The Centers for Disease Control and Prevention keep track of mortality statistics for the country, and in 2020, they published updated statistics on what the most common causes of death in the U.S. were. At the top of the list were heart disease (taking 696,962 lives in 2020), cancer (602,350), COVID (350,831), and accidents (200,955). That was followed by two conditions that had almost the same numbers, killing around 150,000 people: Stroke and chronic lower respiratory diseases. Then, that was followed by Alzheimer’s, diabetes, influenza, and pneumonia.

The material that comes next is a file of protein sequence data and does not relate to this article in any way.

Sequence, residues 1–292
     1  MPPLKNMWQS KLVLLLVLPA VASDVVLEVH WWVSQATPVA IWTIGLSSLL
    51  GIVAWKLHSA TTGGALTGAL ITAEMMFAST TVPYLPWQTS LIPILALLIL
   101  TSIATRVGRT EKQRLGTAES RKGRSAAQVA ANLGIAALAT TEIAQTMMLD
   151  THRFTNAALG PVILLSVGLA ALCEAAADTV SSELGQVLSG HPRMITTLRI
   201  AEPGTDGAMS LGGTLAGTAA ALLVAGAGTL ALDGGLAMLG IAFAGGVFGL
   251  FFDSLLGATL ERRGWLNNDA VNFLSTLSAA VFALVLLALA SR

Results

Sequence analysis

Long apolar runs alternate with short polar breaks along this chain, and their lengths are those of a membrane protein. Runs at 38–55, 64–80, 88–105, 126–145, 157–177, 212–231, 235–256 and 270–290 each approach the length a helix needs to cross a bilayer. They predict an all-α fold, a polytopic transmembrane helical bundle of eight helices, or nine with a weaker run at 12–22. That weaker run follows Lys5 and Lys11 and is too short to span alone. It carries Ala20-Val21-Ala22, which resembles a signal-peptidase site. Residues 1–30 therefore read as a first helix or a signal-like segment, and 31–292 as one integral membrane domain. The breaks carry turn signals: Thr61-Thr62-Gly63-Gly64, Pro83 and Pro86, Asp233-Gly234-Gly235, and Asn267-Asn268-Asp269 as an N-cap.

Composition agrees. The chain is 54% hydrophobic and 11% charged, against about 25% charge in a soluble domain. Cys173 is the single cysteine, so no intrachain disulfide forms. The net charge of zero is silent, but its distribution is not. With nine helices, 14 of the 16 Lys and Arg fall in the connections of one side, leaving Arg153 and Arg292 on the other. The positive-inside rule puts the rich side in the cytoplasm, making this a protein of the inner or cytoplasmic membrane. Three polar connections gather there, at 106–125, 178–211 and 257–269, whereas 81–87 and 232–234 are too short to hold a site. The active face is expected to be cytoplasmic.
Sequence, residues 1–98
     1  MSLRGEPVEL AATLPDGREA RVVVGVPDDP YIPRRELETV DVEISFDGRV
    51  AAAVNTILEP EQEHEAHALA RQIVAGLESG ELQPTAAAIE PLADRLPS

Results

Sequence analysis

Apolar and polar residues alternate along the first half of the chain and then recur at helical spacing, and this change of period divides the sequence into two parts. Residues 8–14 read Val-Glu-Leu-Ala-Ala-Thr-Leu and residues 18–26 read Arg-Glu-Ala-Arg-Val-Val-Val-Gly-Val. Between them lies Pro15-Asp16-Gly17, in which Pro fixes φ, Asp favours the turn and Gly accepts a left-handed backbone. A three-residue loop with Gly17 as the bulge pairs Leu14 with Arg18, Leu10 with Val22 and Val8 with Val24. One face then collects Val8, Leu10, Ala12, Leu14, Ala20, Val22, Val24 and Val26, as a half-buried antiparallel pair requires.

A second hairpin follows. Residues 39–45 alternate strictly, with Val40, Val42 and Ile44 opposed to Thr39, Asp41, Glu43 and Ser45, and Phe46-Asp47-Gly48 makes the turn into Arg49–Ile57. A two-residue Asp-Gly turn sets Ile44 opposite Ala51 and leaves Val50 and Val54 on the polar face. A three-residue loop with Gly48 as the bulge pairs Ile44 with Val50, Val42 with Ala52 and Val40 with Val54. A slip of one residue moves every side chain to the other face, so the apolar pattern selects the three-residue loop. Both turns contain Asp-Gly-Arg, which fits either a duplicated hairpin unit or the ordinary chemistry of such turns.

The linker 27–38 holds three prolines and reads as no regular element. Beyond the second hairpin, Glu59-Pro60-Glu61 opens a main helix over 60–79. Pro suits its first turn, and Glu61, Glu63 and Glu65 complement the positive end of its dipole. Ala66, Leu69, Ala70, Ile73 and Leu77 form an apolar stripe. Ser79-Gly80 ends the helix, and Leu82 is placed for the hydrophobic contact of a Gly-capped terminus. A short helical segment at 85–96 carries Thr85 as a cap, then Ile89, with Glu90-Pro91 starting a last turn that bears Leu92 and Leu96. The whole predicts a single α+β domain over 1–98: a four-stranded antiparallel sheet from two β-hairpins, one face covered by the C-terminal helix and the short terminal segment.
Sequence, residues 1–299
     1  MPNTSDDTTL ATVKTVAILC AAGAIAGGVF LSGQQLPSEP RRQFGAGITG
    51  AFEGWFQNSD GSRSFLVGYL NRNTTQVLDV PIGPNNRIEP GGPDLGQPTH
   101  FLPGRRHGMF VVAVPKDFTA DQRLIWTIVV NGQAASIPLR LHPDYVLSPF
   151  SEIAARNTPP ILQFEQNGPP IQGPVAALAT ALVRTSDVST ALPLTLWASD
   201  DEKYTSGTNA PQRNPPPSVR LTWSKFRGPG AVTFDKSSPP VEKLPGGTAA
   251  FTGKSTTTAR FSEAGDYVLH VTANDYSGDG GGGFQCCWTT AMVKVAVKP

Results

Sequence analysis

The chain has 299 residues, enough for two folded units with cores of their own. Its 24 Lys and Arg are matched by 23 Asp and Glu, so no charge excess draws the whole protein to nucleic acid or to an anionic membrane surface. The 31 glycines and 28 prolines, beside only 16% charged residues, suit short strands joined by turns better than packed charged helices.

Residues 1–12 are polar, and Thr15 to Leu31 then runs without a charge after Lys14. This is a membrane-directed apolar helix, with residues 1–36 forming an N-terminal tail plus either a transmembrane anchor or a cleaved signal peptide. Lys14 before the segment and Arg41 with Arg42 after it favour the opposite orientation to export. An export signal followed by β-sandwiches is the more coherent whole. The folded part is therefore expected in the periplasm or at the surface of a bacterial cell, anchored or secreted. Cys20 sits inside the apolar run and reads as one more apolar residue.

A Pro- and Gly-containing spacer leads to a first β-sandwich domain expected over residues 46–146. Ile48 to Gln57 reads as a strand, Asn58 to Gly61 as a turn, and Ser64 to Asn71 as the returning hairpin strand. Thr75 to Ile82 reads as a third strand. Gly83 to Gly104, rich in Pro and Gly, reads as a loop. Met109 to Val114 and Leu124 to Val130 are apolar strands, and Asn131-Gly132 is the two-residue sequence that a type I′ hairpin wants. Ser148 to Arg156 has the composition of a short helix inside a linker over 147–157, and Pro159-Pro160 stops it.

Campaigns like the Million Hearts initiative have been working to prevent things like heart attacks and stroke, so where does that leave the most common causes of death in the future? According to the CDC, they think it’s going to look a little different.
In their report on the future of health and, in turn, death in the U.S., they say that the number of elderly adults is going to double by the year 2030. That means more people are going to be suffering from — and dying from — chronic and age-related causes. Cancer is projected to pass heart disease as the number one killer, while the number of deaths from hepatitis C is also expected to rise — by as much as three times. Alzheimer’s is also on track to take one of the top spots, and it’s expected that as the population ages, they’re going to be facing these different dangers.